I walked down to river again, and walked under the old oak trees along its banks. I often see deer and squirrels in this area, and have seen  belted kingfishers, wood ducks, and even bald eagles here too.  There were  no critters here on Sunday.  Just some pretty December scenery, brown and leafless as it was. The sun always makes things look better, even in winter. 

Walking toward the river lands section of the nature preserve I came to the area where the trees are covered with poison ivy vines. And where t here are  poison ivy vines , These vines provide food and cover for the birds that remain in our area through the cold months.  I have learned many birds love the berries. And they were birds  here on Sunday,  including this female or juvenile  cardinal,  it was beautiful in the   December sunlight  

There were white-throated , and

song sparrows scurrying  on the ground and lower branches of shrubs under the poison ivy  covered trees. 

There were tufted titmice,.

downy woodpeckers, and 

a red-bellied woodpeckers feeding on the poison ivy  berries and the berries of the  green brier vines that also grew on the trees.

Nearby there was a small flock of goldfinches feeding on the seeds of  hazel alders trees.  Both the male,

and female goldfinches were now wearing their drab winter feathers and not the bright yellow colors of spring and summer. 

Also in the hazel alder trees were  some dark-eyed juncos. These birds are more commonly seen feeding on  or near the ground.  This small area in the wetlands really was a feeding station for the winter resident birds in the wetlands, if you are there at the right time of the day.

This area is not far from the road that divides the wetlands and river lands and I was soon walking into the river lands. There were no fishermen  along the shores of Lake Took-A-While on Sunday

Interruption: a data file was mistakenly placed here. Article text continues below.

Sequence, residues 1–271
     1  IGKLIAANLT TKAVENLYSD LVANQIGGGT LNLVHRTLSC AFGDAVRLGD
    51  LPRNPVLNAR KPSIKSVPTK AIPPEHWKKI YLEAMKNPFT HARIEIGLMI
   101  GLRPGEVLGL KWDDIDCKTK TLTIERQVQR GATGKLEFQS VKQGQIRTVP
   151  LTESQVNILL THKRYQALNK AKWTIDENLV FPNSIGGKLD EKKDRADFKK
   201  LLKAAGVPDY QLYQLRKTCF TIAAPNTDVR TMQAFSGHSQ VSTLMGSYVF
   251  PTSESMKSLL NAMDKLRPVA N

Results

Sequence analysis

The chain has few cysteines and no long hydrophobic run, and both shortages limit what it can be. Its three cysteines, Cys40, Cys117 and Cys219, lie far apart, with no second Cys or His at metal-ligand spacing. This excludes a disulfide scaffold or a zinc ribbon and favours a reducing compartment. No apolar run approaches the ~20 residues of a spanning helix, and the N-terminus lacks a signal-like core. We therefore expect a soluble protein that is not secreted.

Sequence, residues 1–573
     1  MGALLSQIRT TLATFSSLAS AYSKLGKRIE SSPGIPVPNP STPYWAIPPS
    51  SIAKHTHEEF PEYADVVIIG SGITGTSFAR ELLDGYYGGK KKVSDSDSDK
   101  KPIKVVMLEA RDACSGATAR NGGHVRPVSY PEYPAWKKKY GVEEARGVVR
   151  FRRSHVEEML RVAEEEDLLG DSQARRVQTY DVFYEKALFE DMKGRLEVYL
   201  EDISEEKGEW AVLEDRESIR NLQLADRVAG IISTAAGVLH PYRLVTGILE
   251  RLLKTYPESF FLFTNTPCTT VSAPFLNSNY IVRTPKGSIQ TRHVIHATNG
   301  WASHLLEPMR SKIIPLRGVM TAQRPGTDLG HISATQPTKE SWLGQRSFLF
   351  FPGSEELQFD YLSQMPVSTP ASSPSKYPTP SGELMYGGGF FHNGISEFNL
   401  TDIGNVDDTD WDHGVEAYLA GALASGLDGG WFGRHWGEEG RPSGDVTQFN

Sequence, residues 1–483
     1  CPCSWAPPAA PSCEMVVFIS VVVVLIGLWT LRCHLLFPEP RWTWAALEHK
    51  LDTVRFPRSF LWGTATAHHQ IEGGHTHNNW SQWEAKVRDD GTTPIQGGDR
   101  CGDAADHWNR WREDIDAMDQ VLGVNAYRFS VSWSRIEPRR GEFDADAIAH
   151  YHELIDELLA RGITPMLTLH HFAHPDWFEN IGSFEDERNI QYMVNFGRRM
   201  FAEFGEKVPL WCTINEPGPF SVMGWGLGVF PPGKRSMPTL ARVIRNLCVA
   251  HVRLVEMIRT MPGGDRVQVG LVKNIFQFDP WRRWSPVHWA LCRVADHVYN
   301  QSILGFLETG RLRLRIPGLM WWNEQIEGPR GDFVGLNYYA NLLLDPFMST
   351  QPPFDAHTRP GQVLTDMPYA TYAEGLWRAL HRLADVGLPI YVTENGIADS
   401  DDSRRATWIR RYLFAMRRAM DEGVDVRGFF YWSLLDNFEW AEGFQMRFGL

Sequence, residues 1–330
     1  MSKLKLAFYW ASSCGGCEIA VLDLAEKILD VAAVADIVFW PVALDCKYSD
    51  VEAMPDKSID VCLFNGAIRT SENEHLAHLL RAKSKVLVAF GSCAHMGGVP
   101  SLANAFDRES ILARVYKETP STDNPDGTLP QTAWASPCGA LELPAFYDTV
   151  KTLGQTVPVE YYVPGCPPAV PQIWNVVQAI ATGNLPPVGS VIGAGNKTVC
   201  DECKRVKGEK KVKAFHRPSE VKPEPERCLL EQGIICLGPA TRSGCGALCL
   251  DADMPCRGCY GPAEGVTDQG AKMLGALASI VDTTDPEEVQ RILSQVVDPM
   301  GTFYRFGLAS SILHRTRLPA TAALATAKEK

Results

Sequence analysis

The waters of the lake reflected the blue skies and cumulus clouds creating some  nice photos.  

I walked to the far end of the lake. There were no great blue herons, kingfishers or other water fowl on the lake  that I always hope to find,  And no bald eagles , ospreys or red-tailed hawks, flew over either. These are rarer but can be seen on occasion flying over the lake. The only birds I saw were the usual flock of about 30 Canada geese that have  not flown south yet. And depending on the weather could remain all winter if there is no ice on the Susquehanna River. Here is a link to a gallery with some more photos of the many birds I saw on my hike. Susquehanna Wetlands hike birds December 12 2021. 

I walked back to my Jeep in the wetlands under the December sun. It was a nice day for this time of year and I always enjoy sunshine, even the low sun of late Fall. I was hoping to see the river otters on my return hike but they weren’t around. The birds near the poison ivy covered trees were gone too. I didn’t  see another critter on my walk, just a young couple enjoying the beauty of the wetlands. And it is a beautiful place, even in  December. But  I am still looking forward to Spring, and the return of  my  many critter friends that flew south or are sleeping. Here is a link to a gallery with some more photos of the otters and scenery from my hike on Sunday. Susquehanna Wetlands hike December 12 2021. 

 Live in each season as it passes; breathe the air, drink the drink, taste the fruit, and resign yourself to the influence of the earth. —Henry David Thoreau